Review of Anglo-Saxon Kingdoms: Art, World, War (edited by Claire Breay and Joanna Story)
British Library, 2018
It now seems like several centuries ago that this reviewer struggled through the British Library’s blockbuster Anglo-Saxon Kingdoms exhibition, attempting to see the various manuscripts obscured by school-children’s activity sheets, and waiting for an opportune moment to spring upon the Beowulf display case. Such opportunities for raised blood pressure and general fraughtness are still, sadly, behind us, but the impression of that spectacular show remains, as does this incomparable catalogue.
Together they definitively put paid to a number of common myths about Anglo-Saxon England, particularly the long-perpetuated legend that the Normans succeeded in conquering England due to their innate cultural superiority. Here the essay “Conquests and Continuities” by Julia Crick is notably frank: “the Normans took over England as a going concern. Despite the bloodshed and notwithstanding the aggrandisement of a new colonial aristocracy…..fundamental structures remained in place. Three great legacies of the Anglo-Saxons survived the conquest: a written language, a landscape populated by many of the places and place-names we know today, and a centralised system of administration capable of keeping the peace and raising tens of thousands of pounds of revenue each year.” The stunning exhibition, with the remarkable textual and artistic achievements on display, ranging from jewellery and illuminated manuscripts to a life-size replica of the Ruthwell Cross, ultimately makes the invading force look backward, despite its advantages on the brute-force and carpet-bagging side of the ledger.
It was England’s remarkable prosperity (following Alfred the Great’s extraordinary rebuilding feat after the Viking depredations) that proved its downfall by drawing the Conqueror’s eye. That England “was famously wealthy, a reputation amply borne out by the scale, sophistication and centralisation of its carefully regulated silver coinage, running into millions of silver pennies,” can be explained by its intensive exploitation of natural resources, with differentiated agricultural production and “the processing of surplus into commodities suitable for consumption and exchange—cheese, loaves, beer, salted meat and fish, timber, salt,” which brought with it a system of investment to build the necessary infrastructure, such as “watermills and salt-works,” in a country “as intensively governed as it was intensively settled and worked.” Of all the spectacular exhibits on show, perhaps none expressed this sophistication, wealth and cultural confidence more than the exquisite Alfred Jewel, with its famous inscription: “Alfred ordered me to be made.”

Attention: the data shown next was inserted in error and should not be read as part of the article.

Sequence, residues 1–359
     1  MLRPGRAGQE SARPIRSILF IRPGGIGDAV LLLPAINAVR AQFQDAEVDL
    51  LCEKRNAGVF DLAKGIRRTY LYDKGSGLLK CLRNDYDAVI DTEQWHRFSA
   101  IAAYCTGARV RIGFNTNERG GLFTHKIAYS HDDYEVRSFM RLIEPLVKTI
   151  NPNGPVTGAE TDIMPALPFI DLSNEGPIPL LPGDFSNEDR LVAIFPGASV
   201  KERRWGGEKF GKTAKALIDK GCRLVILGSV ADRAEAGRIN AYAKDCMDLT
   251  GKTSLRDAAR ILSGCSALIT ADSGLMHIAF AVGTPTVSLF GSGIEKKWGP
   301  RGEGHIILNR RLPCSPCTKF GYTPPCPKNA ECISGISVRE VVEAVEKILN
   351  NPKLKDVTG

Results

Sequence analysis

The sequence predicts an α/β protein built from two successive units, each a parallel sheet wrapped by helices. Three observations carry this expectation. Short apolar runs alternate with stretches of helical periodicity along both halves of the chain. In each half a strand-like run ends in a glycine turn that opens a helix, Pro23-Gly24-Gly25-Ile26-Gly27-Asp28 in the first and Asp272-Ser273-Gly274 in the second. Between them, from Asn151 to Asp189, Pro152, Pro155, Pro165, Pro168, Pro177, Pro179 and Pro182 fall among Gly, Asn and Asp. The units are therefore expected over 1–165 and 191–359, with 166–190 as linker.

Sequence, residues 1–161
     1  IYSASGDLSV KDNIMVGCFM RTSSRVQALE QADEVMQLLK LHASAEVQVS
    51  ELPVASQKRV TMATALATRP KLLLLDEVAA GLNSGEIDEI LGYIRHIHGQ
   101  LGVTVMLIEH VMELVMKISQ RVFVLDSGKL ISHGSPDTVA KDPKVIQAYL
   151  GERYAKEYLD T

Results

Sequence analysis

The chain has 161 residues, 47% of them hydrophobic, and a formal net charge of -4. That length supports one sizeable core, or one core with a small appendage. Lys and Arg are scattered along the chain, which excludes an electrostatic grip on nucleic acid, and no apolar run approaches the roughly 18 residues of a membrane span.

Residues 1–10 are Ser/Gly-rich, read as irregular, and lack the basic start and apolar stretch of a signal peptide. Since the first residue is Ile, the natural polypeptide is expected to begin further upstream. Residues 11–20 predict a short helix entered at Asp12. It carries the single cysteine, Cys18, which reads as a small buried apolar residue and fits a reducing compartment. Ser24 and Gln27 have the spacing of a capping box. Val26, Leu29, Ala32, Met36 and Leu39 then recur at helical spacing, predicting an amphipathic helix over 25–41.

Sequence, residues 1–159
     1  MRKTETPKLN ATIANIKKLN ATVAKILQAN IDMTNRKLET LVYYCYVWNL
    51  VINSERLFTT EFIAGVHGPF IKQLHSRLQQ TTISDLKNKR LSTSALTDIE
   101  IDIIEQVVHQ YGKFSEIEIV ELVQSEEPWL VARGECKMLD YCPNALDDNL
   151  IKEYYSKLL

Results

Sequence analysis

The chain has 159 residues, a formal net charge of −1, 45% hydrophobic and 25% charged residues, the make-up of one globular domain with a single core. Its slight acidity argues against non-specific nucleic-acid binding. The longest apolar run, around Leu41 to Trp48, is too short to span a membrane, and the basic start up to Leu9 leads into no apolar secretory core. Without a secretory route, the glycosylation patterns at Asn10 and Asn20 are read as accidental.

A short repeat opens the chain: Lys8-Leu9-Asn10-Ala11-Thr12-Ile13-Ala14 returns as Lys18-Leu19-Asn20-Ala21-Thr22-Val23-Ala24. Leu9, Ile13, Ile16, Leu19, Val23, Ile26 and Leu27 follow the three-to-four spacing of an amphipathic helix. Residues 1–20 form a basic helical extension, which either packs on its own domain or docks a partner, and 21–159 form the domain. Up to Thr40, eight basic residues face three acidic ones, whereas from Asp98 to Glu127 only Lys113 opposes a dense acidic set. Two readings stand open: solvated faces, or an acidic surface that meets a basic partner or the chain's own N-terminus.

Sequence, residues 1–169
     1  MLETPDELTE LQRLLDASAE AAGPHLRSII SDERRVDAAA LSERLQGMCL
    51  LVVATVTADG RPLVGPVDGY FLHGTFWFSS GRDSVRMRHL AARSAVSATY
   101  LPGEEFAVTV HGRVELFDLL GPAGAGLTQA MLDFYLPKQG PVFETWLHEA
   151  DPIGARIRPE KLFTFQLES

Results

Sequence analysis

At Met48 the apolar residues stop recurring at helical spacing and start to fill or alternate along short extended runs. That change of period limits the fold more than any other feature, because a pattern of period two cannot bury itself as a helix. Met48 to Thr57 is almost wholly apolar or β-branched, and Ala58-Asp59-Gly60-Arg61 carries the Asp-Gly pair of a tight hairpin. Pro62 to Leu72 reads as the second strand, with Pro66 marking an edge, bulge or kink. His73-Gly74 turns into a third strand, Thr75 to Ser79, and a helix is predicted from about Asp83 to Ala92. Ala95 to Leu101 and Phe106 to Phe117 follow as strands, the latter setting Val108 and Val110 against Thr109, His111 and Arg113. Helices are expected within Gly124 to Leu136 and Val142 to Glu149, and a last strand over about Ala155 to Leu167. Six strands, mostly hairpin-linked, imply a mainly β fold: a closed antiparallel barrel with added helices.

Another insufficiently-known aspect is the remarkable intensity of contact between the Anglo-Saxons, the Irish, and many Continental peoples, in the form of trade, scholarly collaboration, and intermarriage, which thoroughly dispels the myth of an isolated and insular culture. (For example, Joanna Story highlights the close connection with the court of Charlemagne in her essay “Anglo-Saxon England and the Continent.”) This is just one aspect of the ongoing revision of the 'Dark Ages' trope, in light of new research showing that people in the Middle Ages were in fact extremely mobile and adventurous. Andy Orchard’s essay on literature highlights a process of “multilingual and multicultural” exchange which continued from Bede’s remarking on it in the eighth century past the Norman Conquest, as English pilgrims to Rome, male and female, often came back “with books and accumulated knowledge.” Alfred followed Charlemagne’s example of importing foreign scholars, recruiting from Wales, Francia and Old Saxon, while Aethelstan, his grandson, headhunted from Brittany and Iceland. The extraordinary robustness of the Anglo-Saxon literary tradition, secured by Alfred with his promotion of writing in the vernacular, ensured the ultimate triumph of the English language through to Shakespeare and the King James translation of the Bible. Orchard discusses the highly individual voices of different Anglo-Saxon poets, such as Cynewulf, the Beowulf poet, and others, and their characteristic integration of allusions and borrowings to make something original and idiosyncratic, which shows that “many literate Anglo-Saxons across the period had access to impressive libraries of mainly Latin books, and could carry great swathes of text in both languages in their heads.” (Equally arresting is the fact that “women appear to have played a significant role in literature and learning throughout the period, whether as recipients of complex and challenging Latin works….or as teachers of poetry and producers of their own verse….Powerful women in the late seventh century also fostered learning and literature in the north.”)